I know a lot of players struggle under pressure and don’t know how to deal with it. The problem is, when you struggle under pressure, it can affect your swing, which affects how you play.
Here’s an easy drill to try out. On the range, I put a bottle down behind my clubhead and slowly take my club back. The bottle, thanks to its weight, restricts how flicky you can become in your backswing, something most of us do under pressure. As you slowly push it backwards, it will help slow your takeaway down. It also keeps your hands, arms and clubhead more connected.
If amateurs are under pressure, they tend to get a little quick and snatch at their backswing. Consequently, things can get disconnected. However, with this drill, when you’re rolling the clubhead back and keeping everything rolling as one unit, you get more of a one-piece takeaway that keeps everything together.
I do this drill regularly because this is actually one of my faults. I get a little too quick when I’m in the thick of it. This just helps slow my rhythm.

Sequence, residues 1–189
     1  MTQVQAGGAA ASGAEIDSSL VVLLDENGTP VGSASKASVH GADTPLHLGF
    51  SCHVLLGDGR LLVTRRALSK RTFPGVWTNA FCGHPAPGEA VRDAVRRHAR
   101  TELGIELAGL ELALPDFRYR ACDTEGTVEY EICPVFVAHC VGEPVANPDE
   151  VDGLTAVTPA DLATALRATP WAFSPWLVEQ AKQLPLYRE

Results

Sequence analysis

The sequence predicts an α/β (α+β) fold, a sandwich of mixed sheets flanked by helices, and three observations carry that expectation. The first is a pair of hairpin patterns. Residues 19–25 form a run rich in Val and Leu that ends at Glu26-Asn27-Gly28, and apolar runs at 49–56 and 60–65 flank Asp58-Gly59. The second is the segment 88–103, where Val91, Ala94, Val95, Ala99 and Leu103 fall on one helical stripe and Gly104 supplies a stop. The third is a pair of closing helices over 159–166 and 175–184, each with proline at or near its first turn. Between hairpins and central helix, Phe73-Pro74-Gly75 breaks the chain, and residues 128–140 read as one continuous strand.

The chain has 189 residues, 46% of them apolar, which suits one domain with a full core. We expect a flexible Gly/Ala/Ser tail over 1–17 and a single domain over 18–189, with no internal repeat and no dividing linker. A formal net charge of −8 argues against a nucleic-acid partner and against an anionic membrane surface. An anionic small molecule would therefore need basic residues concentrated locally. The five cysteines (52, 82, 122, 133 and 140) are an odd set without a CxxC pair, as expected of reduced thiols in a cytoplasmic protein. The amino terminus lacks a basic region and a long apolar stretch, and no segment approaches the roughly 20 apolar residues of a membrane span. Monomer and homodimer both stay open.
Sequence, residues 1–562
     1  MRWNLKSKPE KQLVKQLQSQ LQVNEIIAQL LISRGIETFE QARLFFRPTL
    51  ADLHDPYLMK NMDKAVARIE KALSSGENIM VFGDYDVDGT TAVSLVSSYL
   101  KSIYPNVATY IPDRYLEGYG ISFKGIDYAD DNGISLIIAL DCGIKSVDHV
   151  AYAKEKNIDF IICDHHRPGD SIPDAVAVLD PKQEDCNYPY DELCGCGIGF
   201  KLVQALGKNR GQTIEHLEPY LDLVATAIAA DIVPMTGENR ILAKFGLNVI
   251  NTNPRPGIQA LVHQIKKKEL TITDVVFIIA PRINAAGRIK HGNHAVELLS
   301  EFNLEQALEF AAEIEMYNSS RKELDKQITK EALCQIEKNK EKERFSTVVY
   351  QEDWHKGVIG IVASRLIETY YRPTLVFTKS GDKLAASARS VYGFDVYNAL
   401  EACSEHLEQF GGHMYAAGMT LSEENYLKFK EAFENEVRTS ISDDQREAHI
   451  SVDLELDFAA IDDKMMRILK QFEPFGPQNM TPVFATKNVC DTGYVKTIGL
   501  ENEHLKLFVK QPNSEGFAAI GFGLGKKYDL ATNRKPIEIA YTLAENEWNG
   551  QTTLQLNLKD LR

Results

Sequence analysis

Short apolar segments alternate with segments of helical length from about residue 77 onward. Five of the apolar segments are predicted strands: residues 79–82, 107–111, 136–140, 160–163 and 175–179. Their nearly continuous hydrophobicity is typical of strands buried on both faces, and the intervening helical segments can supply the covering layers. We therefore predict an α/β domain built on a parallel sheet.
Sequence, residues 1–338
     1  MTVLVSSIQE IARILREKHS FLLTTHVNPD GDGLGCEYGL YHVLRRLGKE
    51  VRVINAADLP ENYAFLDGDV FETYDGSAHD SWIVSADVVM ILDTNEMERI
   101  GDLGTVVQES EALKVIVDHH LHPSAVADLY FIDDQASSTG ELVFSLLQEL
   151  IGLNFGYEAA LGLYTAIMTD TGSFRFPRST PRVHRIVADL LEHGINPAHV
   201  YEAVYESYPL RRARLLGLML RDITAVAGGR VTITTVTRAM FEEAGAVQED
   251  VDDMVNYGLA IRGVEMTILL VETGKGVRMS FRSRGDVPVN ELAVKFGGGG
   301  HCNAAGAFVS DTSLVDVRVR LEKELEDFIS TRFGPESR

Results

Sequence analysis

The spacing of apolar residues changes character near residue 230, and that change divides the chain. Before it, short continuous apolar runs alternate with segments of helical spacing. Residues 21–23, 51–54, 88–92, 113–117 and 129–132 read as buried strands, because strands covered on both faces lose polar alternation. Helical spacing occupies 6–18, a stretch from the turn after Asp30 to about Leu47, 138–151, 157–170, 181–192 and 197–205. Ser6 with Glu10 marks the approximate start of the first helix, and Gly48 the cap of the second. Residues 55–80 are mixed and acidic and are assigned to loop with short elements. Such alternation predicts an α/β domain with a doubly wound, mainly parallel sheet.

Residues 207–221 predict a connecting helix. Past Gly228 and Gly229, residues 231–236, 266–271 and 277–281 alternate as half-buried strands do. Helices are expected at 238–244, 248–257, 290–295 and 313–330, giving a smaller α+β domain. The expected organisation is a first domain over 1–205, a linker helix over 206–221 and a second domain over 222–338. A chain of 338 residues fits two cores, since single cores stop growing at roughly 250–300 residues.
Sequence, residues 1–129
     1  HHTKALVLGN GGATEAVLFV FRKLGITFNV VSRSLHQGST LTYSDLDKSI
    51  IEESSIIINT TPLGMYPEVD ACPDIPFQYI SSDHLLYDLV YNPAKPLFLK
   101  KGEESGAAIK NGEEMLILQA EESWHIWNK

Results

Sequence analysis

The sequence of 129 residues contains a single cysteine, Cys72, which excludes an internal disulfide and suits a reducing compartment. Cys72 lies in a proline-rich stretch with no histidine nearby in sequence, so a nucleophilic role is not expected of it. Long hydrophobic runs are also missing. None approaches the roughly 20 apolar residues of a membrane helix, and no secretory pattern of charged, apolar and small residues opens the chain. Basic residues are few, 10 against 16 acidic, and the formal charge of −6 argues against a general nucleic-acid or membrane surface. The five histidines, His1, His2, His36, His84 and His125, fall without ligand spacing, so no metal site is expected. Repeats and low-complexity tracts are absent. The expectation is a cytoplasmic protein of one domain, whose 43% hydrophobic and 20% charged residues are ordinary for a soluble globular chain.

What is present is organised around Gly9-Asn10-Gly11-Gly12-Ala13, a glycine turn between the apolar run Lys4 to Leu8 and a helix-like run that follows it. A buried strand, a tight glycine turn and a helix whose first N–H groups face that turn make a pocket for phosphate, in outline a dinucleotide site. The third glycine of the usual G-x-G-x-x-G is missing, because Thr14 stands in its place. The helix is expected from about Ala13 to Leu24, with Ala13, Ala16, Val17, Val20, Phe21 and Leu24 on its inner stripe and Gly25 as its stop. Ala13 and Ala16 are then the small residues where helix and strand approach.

Growing up, my idol was initially Faldo, then Tiger – but the more I got into coaching, the more I looked back at manuals, ones from the Hogan era and then the Nicklaus era.
If you look at the solid basics through the years, yes, the golfers might be stronger, with more emphasis on fitness, but the basics of the swing, the fundamentals, have not changed.
Look at the way most golfers stand or address the ball, or how they grip the club – it’s still much the same. There’s no need to reinvent anything. That’s the beauty of golf.
Andy Carlton is the Head PGA Professional at Paisley Golf Club. For lessons, call Andy on 0141 884 4114. Follow him on Twitter @PaisleyPro
Originally published on bunkered on May 18, 2016.